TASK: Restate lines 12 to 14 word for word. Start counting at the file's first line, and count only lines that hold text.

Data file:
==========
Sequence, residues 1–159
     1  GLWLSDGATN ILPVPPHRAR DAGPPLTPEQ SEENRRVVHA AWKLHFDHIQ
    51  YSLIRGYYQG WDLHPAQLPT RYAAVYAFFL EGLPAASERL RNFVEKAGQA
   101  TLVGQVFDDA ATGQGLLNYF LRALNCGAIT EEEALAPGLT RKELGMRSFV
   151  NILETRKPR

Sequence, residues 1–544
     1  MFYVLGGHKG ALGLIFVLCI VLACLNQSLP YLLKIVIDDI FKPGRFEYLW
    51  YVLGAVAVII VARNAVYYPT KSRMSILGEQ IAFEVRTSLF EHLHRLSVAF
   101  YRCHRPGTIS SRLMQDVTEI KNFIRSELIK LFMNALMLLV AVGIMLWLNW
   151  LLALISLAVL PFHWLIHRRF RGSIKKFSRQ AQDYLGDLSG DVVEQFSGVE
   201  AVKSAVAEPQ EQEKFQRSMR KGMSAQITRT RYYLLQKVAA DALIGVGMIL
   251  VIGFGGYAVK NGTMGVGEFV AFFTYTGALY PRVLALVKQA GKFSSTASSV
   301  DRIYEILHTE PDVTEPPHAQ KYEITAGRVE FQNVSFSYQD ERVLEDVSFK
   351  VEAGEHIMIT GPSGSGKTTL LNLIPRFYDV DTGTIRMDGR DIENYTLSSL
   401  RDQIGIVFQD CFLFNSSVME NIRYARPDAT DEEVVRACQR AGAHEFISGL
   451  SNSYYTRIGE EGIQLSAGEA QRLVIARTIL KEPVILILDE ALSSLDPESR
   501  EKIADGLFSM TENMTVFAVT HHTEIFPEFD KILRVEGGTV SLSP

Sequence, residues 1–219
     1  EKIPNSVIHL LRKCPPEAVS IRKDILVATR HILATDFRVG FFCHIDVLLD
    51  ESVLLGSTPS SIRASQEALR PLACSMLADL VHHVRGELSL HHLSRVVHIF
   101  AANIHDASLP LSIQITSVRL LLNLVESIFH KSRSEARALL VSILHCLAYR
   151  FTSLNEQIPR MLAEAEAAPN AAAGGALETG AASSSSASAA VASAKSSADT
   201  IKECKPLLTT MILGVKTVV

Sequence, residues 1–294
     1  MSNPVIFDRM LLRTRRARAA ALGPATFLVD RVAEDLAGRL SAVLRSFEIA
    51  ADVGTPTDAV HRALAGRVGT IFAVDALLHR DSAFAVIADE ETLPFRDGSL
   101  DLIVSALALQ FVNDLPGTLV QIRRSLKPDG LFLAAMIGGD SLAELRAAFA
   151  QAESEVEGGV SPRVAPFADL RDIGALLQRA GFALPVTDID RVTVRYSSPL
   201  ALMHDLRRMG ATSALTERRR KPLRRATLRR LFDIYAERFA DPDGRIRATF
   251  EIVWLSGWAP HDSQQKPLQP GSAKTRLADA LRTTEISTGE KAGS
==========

   251  VIGFGGYAVK NGTMGVGEFV AFFTYTGALY PRVLALVKQA GKFSSTASSV
   301  DRIYEILHTE PDVTEPPHAQ KYEITAGRVE FQNVSFSYQD ERVLEDVSFK
   351  VEAGEHIMIT GPSGSGKTTL LNLIPRFYDV DTGTIRMDGR DIENYTLSSL